Leftovers are the culinary castaways of the kitchen. The boxed-up remains of dinners past that are rarely eaten, and ultimately discarded once the pungent reminder of their existence wafts through the kitchen.
Thanksgiving however, has a way of elevating our leftovers to loftier heights, and puts them front and center on the culinary stage. Whether it’s a simple sandwich, or a complicated pot pie, the last thing your Thanksgiving leftovers will see is the bottom of a garbage can.
Because leftovers are so often the pariah of the fridge, our inexperience with their safe handling puts us at a disadvantage in the war against food borne bacteria. Knowing how to properly cool, store and reheat our food can (in the case of Thanksgiving) mean the difference between a peaceful transition to Christmas, or a bitter date with a stomach bug.
If you’re planning on serving those leftovers hot, you’ll have six hours to get them below 41°F. According to Hazardous Analysis and Critical Control Point (HACCP) guidelines, food should be cooled from 135°F to 70°F within 2 hours and 70°F to 41°F within 4 hours.
If it’s a cold sandwich you’re looking forward to, you have less time to get those temperatures down. HACCP says food being prepared for cold consumption needs to get below 41°F within four hours.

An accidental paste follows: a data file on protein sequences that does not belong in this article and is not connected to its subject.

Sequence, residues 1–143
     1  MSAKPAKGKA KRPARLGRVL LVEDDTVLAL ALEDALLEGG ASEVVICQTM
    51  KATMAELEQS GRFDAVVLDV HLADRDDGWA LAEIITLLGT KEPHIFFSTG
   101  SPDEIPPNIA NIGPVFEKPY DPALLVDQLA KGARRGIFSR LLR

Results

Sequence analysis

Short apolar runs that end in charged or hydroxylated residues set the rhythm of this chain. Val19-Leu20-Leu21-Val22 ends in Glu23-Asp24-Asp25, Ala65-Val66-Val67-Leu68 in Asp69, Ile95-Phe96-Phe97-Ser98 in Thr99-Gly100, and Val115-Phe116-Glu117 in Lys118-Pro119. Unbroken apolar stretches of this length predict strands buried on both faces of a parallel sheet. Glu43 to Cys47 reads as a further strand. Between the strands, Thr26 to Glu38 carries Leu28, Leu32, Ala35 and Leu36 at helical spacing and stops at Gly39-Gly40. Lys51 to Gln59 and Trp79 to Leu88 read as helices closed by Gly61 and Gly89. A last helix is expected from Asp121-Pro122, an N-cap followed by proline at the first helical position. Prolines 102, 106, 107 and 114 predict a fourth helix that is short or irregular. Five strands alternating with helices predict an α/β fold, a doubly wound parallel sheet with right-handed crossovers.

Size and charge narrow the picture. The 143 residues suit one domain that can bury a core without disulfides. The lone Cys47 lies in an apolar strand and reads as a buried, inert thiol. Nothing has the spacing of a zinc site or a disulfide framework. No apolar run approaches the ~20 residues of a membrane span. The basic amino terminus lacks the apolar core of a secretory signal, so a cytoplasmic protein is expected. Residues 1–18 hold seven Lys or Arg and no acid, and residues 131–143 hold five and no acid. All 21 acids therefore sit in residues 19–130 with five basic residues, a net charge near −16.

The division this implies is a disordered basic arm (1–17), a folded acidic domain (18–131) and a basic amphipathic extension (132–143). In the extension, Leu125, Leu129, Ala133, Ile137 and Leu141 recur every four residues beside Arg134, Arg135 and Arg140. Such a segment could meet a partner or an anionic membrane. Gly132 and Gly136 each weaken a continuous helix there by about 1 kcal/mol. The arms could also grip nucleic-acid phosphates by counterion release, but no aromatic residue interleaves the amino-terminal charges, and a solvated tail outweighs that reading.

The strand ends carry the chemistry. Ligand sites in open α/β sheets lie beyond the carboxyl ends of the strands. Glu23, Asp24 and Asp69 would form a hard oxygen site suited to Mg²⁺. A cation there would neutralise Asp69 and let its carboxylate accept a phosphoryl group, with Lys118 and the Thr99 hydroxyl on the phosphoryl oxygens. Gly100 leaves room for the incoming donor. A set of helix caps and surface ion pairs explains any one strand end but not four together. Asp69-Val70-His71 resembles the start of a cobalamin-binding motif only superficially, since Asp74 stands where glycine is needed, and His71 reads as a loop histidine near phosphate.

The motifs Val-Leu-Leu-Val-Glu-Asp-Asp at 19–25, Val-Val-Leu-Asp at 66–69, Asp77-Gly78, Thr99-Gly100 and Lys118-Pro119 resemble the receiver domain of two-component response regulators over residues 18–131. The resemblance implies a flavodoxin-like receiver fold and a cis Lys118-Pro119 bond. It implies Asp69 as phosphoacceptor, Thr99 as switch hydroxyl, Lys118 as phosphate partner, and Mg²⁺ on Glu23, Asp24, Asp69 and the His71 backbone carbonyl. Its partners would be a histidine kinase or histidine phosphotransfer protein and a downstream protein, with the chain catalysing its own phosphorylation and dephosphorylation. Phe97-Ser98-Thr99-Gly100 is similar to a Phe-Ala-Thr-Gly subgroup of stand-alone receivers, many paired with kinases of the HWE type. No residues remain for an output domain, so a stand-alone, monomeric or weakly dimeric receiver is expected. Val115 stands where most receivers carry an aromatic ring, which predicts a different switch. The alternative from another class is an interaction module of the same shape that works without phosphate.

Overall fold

HACCP guidelines do not guarantee that bacteria will not multiply, they’re designed to simply contain their growth. Sufficed to say, the faster you can get the temperature down, the better.
One small caveat about cooling – don’t attempt to rapidly cool your food in the fridge. Putting warm food in the fridge will increase the ambient temperature inside and doing so will put all of the food inside the fridge at risk.
Instead, speed up the process with an ice bath prior to storing the food in the refrigerator. Once your leftovers have dropped near 70°F, cover and store. It may also help to label the container with a time and date, just in case you forget when they went into the fridge, Whatever you do, don’t let leftovers sit on the counter for any period of time without monitoring the temperature.
Although HACCP says you have a relatively wide window of opportunity for hot and cold service (6 and 4 hours respectively) we stress the importance of getting your food out of the danger zone (135-41°F) as soon as possible.
As soon as the leftovers are cool enough to not overheat your fridge (say below 80°F), move them promptly into the and keep them their until you’re ready to serve them.
Leftovers should be eaten within 3-4 days. If you’re not sure if you’re going to be able to meet that deadline, store them in the freezer (0°F) until you’re ready to eat.
When you reheat any leftovers, remember that the magic number is 165. That’s the temperature you’re going to have to get the internal temperature of your food up to to ensure a sufficient bacterial kill rate.
HACCP requires that all leftovers be reheated to 165°F for at least 15 seconds. Reheat all foods rapidly. The total time the temperature of the food is between 41°F and 165°F should not exceed two hours.
Food that has been reheated should be served immediately! Reheat only what you plan on eating, because re-cooling leftovers after they’ve been reheated is not recommended.